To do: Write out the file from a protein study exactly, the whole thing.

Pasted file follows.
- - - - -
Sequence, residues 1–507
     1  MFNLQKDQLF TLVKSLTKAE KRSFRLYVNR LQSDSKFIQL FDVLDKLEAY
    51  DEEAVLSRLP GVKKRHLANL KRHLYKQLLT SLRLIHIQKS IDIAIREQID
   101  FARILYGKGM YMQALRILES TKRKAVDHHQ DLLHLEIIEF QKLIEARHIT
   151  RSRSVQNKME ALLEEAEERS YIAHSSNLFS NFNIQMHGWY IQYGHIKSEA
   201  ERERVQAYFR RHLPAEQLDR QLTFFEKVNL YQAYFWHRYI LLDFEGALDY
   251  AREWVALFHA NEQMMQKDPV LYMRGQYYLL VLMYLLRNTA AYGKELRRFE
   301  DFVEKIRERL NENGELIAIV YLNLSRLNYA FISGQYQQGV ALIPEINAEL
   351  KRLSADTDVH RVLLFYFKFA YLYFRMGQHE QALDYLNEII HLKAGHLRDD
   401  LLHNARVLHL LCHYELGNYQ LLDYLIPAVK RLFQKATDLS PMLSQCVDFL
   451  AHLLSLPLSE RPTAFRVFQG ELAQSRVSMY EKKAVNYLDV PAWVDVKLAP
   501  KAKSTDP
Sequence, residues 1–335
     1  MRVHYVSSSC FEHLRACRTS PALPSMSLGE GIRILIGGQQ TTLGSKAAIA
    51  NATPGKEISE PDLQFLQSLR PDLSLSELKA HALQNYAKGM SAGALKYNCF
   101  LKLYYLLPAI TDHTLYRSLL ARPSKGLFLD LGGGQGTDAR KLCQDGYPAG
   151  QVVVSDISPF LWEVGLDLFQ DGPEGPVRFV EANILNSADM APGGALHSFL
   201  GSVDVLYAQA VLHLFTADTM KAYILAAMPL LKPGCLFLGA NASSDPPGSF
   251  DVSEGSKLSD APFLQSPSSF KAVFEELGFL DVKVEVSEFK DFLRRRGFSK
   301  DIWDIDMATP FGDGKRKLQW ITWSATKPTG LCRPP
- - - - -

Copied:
Sequence, residues 1–507
     1  MFNLQKDQLF TLVKSLTKAE KRSFRLYVNR LQSDSKFIQL FDVLDKLEAY
    51  DEEAVLSRLP GVKKRHLANL KRHLYKQLLT SLRLIHIQKS IDIAIREQID
   101  FARILYGKGM YMQALRILES TKRKAVDHHQ DLLHLEIIEF QKLIEARHIT
   151  RSRSVQNKME ALLEEAEERS YIAHSSNLFS NFNIQMHGWY IQYGHIKSEA
   201  ERERVQAYFR RHLPAEQLDR QLTFFEKVNL YQAYFWHRYI LLDFEGALDY
   251  AREWVALFHA NEQMMQKDPV LYMRGQYYLL VLMYLLRNTA AYGKELRRFE
   301  DFVEKIRERL NENGELIAIV YLNLSRLNYA FISGQYQQGV ALIPEINAEL
   351  KRLSADTDVH RVLLFYFKFA YLYFRMGQHE QALDYLNEII HLKAGHLRDD
   401  LLHNARVLHL LCHYELGNYQ LLDYLIPAVK RLFQKATDLS PMLSQCVDFL
   451  AHLLSLPLSE RPTAFRVFQG ELAQSRVSMY EKKAVNYLDV PAWVDVKLAP
   501  KAKSTDP
Sequence, residues 1–335
     1  MRVHYVSSSC FEHLRACRTS PALPSMSLGE GIRILIGGQQ TTLGSKAAIA
    51  NATPGKEISE PDLQFLQSLR PDLSLSELKA HALQNYAKGM SAGALKYNCF
   101  LKLYYLLPAI TDHTLYRSLL ARPSKGLFLD LGGGQGTDAR KLCQDGYPAG
   151  QVVVSDISPF LWEVGLDLFQ DGPEGPVRFV EANILNSADM APGGALHSFL
   201  GSVDVLYAQA VLHLFTADTM KAYILAAMPL LKPGCLFLGA NASSDPPGSF
   251  DVSEGSKLSD APFLQSPSSF KAVFEELGFL DVKVEVSEFK DFLRRRGFSK
   301  DIWDIDMATP FGDGKRKLQW ITWSATKPTG LCRPP